US Warns Iran and China Against Major Investment and Security Deal

State Dept vows to impose costs on both nations

The exact terms haven’t been announced, but Iranian officials are reporting that they are close to finalizing a major deal with China that would expand security ties, and greatly expand economic ties, including in the all-important banking sector.

This stands to benefit both China and Iran considerably, but runs counter to US interests in isolating both of them internationally, leading the State Department to oppose the deal and threaten to impose more costs on Iran and China if they try to make the deal.

Despite US anger, Iran keeps looking to make deals with other nations the US is hostile toward. Recent trade with Venezuela has been met with a furious US backlash. Similar anger can be expected with this new deal with China.

And yet, while US sanctions, particularly banking sanctions, have given them the ability to dictate most ties for those nations, China has a strong enough system to flat out defy the US, and the State Department’s sanctions likely are to be of minimum value.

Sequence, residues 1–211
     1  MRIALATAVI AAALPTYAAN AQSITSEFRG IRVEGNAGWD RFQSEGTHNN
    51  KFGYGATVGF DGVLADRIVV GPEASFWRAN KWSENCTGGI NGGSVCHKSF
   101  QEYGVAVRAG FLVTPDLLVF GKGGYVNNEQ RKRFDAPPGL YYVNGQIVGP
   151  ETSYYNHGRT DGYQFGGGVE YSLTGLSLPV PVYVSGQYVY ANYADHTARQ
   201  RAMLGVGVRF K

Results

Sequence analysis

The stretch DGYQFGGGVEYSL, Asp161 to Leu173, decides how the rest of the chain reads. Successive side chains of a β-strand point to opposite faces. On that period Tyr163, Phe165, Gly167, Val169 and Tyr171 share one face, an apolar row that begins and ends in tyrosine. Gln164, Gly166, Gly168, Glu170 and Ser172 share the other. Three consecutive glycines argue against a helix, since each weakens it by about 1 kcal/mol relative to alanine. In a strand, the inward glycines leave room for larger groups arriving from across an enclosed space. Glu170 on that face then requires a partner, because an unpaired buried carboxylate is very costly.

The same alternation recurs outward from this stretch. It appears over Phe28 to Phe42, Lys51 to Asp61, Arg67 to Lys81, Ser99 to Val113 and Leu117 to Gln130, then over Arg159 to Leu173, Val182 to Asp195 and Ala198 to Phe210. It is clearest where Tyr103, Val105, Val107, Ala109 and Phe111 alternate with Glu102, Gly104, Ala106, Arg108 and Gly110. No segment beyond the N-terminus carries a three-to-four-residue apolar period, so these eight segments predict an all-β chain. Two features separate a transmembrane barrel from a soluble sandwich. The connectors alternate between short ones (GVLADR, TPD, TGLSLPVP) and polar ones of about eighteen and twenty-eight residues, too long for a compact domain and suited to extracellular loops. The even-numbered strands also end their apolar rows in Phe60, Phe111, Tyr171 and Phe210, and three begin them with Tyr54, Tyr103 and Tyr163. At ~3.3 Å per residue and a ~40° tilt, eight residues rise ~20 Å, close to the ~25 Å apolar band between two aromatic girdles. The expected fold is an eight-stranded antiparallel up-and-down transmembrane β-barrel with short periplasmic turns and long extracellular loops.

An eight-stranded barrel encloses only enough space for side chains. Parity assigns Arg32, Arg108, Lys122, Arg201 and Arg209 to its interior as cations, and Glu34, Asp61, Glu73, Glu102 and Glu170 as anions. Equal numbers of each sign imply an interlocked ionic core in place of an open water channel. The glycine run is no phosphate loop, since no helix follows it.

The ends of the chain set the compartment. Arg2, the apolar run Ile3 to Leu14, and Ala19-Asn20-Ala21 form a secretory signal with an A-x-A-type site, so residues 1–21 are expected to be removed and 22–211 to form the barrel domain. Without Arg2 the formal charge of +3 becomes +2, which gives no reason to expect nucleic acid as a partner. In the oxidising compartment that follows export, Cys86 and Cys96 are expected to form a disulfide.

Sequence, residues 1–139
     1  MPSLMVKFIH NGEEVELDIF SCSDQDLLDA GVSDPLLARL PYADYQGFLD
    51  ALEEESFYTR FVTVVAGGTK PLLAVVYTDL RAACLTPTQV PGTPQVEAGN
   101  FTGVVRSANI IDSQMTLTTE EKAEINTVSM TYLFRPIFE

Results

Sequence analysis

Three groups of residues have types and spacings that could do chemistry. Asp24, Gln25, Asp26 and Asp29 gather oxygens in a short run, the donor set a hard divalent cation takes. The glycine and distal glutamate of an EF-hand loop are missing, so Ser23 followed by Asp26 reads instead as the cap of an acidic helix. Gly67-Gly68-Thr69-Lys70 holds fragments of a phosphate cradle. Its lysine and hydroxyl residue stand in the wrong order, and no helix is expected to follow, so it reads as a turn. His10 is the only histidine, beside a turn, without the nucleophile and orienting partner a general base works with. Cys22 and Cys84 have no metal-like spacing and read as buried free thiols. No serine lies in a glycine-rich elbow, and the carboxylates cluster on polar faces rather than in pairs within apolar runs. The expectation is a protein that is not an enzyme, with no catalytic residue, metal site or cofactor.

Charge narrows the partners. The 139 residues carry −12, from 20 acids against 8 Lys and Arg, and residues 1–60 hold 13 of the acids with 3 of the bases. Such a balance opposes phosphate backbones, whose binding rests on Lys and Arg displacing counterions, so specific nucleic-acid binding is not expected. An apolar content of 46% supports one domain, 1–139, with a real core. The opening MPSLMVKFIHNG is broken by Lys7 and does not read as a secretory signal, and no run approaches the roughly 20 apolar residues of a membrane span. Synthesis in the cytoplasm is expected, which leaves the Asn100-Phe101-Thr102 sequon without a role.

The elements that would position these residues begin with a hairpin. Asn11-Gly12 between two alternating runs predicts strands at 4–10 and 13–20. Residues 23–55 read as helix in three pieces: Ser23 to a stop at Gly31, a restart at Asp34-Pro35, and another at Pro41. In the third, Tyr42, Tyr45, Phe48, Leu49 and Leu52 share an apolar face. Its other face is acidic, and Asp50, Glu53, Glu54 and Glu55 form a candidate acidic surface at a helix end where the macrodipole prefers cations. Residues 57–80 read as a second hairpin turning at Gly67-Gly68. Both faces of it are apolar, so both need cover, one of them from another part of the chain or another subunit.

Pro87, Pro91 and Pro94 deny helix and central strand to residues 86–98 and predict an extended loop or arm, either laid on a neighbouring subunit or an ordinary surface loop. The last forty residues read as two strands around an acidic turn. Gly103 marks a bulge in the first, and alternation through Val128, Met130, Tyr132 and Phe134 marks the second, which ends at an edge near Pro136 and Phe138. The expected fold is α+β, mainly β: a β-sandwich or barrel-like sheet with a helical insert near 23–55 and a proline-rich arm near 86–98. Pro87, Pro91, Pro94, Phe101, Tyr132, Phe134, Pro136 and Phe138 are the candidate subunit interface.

The deal would give China a huge presence across Iran’s economy, including telecommunications, ports, railways, and banking. In return, they would be given a substantial discount in buying Iranian oil over the next 25 years.

China is heavily dependent on Mideast oil, and getting access, especially at a discount, from Iran would be a big economic advantage. It might also force other nations to start resisting US restrictions.

China would also agree to joint training with Iran, and joint weapons research. China likely wants a foothold in Iran to ensure the flow of oil, while a Chinese presence probably will lessen the risk of US or Israeli military attacks on Iran.

That may be an even bigger problem for the US, as recent war-making has shown a strategy of weakening nations with years or decades of sanctions and then rolling in essentially unopposed.

Author: Jason Ditz

Jason Ditz is Senior Editor for He has 20 years of experience in foreign policy research and his work has appeared in The American Conservative, Responsible Statecraft, Forbes, Toronto Star, Minneapolis Star-Tribune, Providence Journal, Washington Times, and the Detroit Free Press.